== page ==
April 28

The Power of Curiosity

Sometime around the 7th grade, I developed an intense fascination with fire. I was burning anything I could get my hands on. Playing with fire was my first exposure to the power of curiosity.

Igniting the Power of Curiosity

Children vibrate with diversive curiosity; it powers their unceasing explorations. It’s the desire to see what happens when I put my hand in this flame, dirt in my mouth or a gun in my hand. – Ian Leslie, Curious: The Desire to Know And Why Your Future Depends on It

My fascination with fire led to some interesting extra-curricular activities.

  • In an effort to recreate special effects from movies, I doused matchbox cars in lighter fluid and zipped them across the concrete.
  • A friend and I melted the faces off his G.I. Joe guys. His dad found them while mowing the lawn and I couldn’t sleepover at his house again.
  • Then, At another friend’s house, I threw pieces of fruitcake in the fireplace (which I still think is where they belong) and burned the heads of E.L. Fudge cookies to recreate the Michael Jackson hair debacle.

Needless to say, my curiosity was causing a lot of problems.

The Boy Who Should Have Been an Arsonist

Finally, there was the sandbox incident. When a friend slept over, we bought a dozen boxes of wooden matches. We lined them up all around the sandbox to see if we could create a domino effect. After my sister came back from playing, she said, “Oh my God, these older kids filled the sandbox with matches.” Now she knows who they were.

That friend’s mother found the matches in his duffel bag and told him I would become an arsonist when I grew up. He could never spend the night again.

After talking to many of my male friends, it turns out that this brief flirtation with arson is common to most boys while growing up. If you have pre-teen boys, just be prepared.

I never had any interest in becoming an arsonist or hurting anyone. I was just curious. And that same curiosity has been instrumental to my creative work. At the heart of nearly every successful creative endeavor is the desire to answer one’s own questions and the power of curiosity.

Why the Fire of Curiosity Goes Out

The child wants to know more about something and expects their parent to tell them about it. Before they are able to speak, they are asking a question with their finger. – Ian Leslie

A few nights ago, my roommate and I were watching It’s a Beautiful Day in Neighborhood. We were talking about how Mr. Rogers could hold us spellbound with a sense of wonder, regardless of what he was talking about. As kids, our eyes were glued to the television, while we had thoughts like “Wow, that’s how they make cheese?”

All of us are born intensely curious about the world. The power of curiosity is something we don’t even think about. We ask ‘why’ over and over until our parents throw their arms up in frustration.

Indian People Don’t Get Their Hair Cut on Tuesday

As a 41-year-old, I still drive my parents crazy with questions. Take the following conversation with my dad about a very strange Indian tradition.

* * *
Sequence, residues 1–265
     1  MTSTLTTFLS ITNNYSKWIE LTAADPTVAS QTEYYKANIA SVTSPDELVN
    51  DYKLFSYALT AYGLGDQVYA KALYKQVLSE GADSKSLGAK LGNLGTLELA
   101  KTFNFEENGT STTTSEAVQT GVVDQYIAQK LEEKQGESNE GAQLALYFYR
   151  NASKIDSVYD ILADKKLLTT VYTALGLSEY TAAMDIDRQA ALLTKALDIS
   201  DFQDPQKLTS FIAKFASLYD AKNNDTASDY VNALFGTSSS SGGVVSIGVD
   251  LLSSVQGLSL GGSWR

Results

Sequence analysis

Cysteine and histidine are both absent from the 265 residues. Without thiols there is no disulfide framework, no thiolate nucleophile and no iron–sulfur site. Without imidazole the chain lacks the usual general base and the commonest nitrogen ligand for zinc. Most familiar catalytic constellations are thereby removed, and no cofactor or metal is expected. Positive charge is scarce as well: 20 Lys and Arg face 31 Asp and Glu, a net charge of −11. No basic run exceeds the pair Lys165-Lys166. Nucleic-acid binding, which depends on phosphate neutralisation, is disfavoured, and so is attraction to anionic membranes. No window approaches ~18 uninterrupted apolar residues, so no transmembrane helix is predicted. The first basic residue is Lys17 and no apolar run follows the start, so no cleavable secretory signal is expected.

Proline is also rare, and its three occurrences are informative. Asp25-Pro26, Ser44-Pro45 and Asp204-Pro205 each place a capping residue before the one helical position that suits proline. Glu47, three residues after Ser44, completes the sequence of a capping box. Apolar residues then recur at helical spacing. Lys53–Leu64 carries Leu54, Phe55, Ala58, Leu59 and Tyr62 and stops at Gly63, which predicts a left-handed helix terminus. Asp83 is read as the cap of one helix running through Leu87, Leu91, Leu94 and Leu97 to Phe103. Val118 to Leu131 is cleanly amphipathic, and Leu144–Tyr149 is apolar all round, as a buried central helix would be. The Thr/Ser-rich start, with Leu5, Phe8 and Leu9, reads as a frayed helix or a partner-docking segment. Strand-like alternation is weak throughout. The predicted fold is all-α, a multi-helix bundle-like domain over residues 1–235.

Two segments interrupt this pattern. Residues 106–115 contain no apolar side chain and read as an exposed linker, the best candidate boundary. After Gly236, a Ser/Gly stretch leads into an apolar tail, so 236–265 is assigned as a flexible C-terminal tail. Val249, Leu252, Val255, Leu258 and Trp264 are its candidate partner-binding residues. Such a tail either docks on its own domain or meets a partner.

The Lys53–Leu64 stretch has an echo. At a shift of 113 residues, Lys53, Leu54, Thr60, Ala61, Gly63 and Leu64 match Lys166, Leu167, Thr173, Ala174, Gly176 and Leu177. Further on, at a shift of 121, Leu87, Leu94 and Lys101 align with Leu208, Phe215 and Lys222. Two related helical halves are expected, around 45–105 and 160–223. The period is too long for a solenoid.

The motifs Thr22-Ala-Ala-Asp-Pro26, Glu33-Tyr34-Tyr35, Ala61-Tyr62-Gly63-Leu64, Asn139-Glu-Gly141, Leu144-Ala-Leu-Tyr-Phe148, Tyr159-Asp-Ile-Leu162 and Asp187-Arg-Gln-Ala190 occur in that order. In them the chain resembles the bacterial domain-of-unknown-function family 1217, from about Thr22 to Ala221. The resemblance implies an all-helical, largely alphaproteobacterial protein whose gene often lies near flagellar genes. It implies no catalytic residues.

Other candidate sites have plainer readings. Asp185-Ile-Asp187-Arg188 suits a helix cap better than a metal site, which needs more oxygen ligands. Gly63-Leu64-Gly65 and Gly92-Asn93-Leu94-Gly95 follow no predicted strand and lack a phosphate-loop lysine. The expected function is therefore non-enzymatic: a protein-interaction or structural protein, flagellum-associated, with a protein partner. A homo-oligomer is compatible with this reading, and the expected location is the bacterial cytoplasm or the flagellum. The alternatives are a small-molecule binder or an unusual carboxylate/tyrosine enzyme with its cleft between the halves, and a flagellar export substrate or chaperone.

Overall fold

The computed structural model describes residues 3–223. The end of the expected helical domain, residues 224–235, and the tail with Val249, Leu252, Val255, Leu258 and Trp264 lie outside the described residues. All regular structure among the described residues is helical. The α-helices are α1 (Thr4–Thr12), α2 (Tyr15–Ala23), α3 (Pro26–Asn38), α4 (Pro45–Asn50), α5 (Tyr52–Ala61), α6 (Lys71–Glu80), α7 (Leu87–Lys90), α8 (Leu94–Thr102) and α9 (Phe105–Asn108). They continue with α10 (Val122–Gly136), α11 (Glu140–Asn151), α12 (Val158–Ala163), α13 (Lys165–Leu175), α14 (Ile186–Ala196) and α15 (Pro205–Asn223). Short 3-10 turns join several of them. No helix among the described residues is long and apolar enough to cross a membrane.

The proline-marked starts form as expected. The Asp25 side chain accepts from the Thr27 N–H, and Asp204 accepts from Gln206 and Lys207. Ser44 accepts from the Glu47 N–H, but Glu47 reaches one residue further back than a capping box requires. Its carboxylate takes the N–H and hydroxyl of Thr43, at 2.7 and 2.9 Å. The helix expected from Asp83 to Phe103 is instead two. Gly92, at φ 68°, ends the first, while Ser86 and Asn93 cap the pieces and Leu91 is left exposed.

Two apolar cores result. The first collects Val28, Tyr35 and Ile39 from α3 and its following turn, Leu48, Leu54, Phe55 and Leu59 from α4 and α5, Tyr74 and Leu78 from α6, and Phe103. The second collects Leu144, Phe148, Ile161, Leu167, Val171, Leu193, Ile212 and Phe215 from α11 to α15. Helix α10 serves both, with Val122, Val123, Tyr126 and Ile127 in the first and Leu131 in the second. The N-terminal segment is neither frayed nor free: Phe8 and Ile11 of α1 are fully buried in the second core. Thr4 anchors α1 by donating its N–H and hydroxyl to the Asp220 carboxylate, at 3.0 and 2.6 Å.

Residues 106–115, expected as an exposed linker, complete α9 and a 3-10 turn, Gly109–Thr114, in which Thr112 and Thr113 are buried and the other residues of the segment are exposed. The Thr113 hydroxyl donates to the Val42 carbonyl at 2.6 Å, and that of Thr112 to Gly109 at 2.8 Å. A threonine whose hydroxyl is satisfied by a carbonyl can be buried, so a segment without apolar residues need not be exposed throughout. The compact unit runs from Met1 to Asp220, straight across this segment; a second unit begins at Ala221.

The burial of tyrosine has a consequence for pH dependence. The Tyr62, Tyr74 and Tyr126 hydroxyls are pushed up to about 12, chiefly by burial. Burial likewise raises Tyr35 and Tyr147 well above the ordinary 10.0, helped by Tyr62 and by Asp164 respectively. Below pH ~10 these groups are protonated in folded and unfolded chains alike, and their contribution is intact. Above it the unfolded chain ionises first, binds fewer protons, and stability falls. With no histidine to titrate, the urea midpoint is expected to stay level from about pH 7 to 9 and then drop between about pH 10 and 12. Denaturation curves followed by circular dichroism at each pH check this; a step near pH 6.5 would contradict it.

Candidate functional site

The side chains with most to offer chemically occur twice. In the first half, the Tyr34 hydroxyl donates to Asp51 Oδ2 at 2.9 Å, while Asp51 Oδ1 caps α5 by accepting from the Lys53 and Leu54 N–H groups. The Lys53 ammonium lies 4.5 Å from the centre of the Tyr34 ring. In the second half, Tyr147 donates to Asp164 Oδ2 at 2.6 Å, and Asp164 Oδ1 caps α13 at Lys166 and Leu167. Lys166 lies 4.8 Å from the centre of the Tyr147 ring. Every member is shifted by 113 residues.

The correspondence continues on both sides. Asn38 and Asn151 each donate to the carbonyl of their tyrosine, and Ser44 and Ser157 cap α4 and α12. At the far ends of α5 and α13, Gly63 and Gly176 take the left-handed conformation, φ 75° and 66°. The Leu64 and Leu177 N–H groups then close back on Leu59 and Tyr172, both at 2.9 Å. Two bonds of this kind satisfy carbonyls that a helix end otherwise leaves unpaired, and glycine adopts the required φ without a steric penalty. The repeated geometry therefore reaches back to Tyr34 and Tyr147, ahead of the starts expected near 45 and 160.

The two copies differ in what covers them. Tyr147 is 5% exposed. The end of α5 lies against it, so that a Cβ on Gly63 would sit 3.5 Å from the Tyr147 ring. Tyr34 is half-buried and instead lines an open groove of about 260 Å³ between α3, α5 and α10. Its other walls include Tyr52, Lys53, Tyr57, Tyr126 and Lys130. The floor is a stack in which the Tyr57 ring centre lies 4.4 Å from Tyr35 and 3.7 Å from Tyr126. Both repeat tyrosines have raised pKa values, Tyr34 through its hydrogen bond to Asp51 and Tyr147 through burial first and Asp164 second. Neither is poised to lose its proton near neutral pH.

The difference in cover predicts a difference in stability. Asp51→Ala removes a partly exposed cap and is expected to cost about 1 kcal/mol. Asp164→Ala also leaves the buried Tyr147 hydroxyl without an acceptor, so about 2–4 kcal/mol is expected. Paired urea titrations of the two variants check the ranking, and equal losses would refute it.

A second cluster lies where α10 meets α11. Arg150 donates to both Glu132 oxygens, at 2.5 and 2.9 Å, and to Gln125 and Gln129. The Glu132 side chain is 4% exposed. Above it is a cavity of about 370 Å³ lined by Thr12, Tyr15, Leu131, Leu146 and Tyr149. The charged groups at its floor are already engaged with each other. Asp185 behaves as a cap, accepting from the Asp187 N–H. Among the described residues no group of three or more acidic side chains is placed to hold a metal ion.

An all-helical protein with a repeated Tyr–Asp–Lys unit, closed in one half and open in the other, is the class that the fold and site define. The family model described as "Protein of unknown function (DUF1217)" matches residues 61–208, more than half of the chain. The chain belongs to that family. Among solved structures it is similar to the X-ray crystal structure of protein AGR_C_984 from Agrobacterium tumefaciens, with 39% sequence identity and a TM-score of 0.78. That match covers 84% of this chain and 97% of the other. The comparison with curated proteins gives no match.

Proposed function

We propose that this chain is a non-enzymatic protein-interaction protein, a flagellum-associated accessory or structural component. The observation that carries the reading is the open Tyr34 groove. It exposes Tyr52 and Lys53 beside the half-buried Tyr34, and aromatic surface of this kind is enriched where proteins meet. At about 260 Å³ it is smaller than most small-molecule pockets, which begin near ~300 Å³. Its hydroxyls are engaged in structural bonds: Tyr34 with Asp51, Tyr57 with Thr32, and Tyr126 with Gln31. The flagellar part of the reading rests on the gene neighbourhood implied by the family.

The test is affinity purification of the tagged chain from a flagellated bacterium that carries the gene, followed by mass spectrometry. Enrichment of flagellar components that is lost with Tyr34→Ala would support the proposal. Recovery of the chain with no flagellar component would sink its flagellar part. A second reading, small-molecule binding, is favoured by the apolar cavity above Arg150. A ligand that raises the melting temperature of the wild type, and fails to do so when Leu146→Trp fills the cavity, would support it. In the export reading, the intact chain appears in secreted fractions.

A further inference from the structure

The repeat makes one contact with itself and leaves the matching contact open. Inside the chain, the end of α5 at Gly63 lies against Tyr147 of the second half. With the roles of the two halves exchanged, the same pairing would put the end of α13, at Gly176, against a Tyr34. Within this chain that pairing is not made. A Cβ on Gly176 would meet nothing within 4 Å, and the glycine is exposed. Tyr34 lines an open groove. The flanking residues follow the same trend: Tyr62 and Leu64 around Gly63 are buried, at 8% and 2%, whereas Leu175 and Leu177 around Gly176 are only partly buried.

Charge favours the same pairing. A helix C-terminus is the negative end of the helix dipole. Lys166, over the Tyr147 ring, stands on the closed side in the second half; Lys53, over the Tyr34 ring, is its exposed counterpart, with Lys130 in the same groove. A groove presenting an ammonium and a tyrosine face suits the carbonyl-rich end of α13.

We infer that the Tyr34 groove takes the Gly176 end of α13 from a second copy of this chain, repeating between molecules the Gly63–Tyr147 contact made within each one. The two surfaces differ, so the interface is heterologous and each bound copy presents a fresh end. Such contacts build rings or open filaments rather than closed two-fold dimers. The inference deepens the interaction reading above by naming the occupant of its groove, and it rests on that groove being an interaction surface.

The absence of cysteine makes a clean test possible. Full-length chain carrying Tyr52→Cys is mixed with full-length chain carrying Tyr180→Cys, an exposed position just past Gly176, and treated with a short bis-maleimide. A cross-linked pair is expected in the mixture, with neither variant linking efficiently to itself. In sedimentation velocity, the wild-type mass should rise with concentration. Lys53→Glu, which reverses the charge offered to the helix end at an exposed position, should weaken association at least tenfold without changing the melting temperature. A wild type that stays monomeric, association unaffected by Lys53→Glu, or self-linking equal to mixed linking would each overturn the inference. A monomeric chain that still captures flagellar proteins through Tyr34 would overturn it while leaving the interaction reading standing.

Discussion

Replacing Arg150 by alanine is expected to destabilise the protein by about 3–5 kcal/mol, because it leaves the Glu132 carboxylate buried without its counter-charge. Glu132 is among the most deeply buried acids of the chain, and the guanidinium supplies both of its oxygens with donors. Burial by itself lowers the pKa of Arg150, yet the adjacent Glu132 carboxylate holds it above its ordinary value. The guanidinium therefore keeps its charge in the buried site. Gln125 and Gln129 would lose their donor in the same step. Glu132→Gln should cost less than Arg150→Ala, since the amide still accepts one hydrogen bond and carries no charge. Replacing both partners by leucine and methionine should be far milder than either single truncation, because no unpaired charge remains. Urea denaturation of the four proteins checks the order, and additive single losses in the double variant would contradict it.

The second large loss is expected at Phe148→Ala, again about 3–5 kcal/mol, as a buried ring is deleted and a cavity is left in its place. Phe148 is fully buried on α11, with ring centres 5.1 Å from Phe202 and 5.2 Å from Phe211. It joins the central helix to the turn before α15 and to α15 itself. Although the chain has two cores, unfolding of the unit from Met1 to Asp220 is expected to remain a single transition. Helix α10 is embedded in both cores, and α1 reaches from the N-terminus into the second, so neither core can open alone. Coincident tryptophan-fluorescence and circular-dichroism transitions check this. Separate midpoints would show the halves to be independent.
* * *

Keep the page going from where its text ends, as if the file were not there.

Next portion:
“Why don’t we get our haircuts on Tuesdays?”

“I don’t know.”

“Did you ever get your hair cut on a Tuesday?”

“Yes, I was busy that week. It was the only time I could go.”

“Did anything bad happen?”


When I asked my friends in India, they said, “Barbershops are closed on Tuesdays in India.” But we live in America, so that’s nonsense. After a few Google searches, I found some answers that were absurd.

  • Barbers are tired after cutting so much hair. They need a day off
  • They need to sharpen their tools
  • Nobody really knows

For all millions of Indians know, some villager said this as a joke to mess with his friend. And for thousands of years, we’ve used a superstition as a religious belief. Our culture is full of traditions that nobody ever questions. This isn’t just an Indian thing. It’s universal.

From Creative Thinkers to Compliant Factory Workers

With age, we lose our curiosity. The person who keeps raising their hand and asking ‘why’ disrupts the class, annoys everyone else, and eventually keeps quiet. As Naval Ravikant said, schools replace curiosity with compliance and instead of a creative thinker we we get an obedient factory worker.

We discourage curiosity also because it requires an admission of ignorance. Asking a question or posing a thought experiment means that we don’t know the answer and that’s an admission that few of us are willing to make. For fear of sounding stupid, we assume most questions are too basic to ask, so we don’t ask them. – Ozan Varol

And most modern working environments ensure we continue this behavior. Curiosity is actively discouraged rather than rewarded.

The good news is that we can reclaim or retain the power of curiosity while walking through the world with a sense of wonder instead of worry.

The Decline of Curiosity in Adulthood

During my freshman year of college, a counselor gave me some terrible advice about what classes to take. He suggested that I enroll in Intro to Archaeology because it would be easy to get in.